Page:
Home Money India’s Sovereign Bonds May be Listed on the JPMorgan Indexes Next Year

India’s Sovereign Bonds May be Listed on the JPMorgan Indexes Next Year

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JPMorgan Chase & Co. is poised to make a significant move in the global financial landscape by potentially including India’s sovereign bonds on its indexes next year, a development that could signal increased investment opportunities in the country. Sabrina Jacobs, Pictet Asset Management SA’s senior client portfolio manager for emerging-market fixed income, shared insights from discussions with the index provider, indicating India’s keen interest in the inclusion despite reservations that might be perceived from the outside.

Good News for India

The move could mark a turning point for India. The country has wanted to open its $1 trillion government debt market to include various global funds, only retreating due to concerns about meeting the requirements for index inclusion. Unlike other major emerging markets like China, India has yet to join international indexes, with policymakers wary of potential destabilising effects from sudden inflows of foreign capital. However, experts suggest that resolving operational hurdles and streamlining processes could pave the way for India’s inclusion and subsequent inflows of approximately $40 billion, as estimated by Morgan Stanley.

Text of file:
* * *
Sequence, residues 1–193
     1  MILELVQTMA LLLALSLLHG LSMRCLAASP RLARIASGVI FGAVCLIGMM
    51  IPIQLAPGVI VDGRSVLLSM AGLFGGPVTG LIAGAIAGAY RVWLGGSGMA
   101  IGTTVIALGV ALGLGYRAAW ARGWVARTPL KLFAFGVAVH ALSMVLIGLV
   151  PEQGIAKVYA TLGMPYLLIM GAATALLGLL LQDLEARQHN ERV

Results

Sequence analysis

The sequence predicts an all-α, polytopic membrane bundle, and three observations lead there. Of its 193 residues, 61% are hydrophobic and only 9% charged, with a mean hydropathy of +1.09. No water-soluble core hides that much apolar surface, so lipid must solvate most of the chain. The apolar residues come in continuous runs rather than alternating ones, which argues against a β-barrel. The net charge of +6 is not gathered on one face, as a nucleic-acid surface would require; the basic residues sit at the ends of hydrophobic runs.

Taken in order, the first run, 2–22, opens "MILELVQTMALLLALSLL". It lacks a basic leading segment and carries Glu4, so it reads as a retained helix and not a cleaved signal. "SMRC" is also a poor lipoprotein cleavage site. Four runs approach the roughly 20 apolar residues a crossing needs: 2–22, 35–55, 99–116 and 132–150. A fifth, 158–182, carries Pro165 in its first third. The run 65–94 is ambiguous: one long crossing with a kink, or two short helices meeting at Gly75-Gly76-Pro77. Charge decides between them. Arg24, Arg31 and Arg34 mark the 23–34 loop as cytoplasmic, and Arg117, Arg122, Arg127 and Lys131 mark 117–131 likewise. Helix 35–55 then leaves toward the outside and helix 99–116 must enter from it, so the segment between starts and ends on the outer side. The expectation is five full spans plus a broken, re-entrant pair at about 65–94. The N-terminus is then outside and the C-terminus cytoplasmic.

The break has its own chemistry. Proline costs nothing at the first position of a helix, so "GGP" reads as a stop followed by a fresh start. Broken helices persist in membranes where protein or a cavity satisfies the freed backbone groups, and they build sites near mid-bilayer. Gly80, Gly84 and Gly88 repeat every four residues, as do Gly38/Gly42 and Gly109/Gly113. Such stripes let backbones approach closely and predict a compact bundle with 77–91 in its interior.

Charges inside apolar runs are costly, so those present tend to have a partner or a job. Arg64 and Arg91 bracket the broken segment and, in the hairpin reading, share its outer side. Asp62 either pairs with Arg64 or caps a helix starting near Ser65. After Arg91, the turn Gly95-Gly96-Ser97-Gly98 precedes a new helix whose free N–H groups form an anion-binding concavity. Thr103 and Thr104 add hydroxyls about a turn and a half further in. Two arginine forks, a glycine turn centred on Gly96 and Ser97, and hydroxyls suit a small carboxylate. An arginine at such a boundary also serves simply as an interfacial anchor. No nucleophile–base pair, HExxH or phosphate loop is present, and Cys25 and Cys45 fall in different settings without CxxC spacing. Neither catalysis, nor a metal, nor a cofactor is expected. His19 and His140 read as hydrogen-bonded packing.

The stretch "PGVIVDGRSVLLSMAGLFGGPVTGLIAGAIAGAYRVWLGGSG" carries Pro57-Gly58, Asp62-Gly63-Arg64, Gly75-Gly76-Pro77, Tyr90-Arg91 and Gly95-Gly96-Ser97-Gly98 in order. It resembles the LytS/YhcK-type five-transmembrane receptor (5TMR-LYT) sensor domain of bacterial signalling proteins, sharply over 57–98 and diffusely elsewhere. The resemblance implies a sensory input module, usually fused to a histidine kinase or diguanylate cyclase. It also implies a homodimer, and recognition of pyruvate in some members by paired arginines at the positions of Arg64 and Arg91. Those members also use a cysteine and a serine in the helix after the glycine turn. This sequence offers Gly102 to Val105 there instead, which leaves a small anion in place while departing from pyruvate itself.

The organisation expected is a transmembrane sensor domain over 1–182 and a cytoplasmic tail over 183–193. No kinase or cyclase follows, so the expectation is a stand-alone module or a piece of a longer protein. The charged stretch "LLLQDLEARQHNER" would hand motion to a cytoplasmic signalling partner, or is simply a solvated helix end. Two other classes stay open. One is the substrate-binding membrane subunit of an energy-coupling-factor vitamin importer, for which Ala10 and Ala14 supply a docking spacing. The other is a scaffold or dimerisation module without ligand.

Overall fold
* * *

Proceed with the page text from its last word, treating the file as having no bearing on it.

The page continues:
JPMorgan is expected to announce the results of its index reviews by October, shedding light on whether the inclusion will proceed. While operational challenges persist, Bank of America strategists suggest that the provider might opt for diversification of index constituents, taking into account recent geopolitical developments that have impacted other countries’ bond market accessibility.

Boosting Interest Among Foreign Investors

The prospect of India’s index inclusion has already sparked increased interest from foreign investors, with nearly $3.8 billion of index-eligible bonds, known as the Fully Accessible Route (FAR) notes, flowing into the country this year. These investments have contributed to a 12 basis point decline in yields on 10-year government notes, currently resting at 7.20%. The anticipated inflows could potentially lower borrowing costs, aligning with Prime Minister Narendra Modi’s efforts to boost economic growth through infrastructure spending.

As JPMorgan’s decision looms and India’s index inclusion hopes gain momentum, observers are closely watching how this potential development could reshape the landscape of global investment, impacting not only India’s financial markets but also contributing to the broader narrative of emerging market accessibility and attractiveness for international investors.

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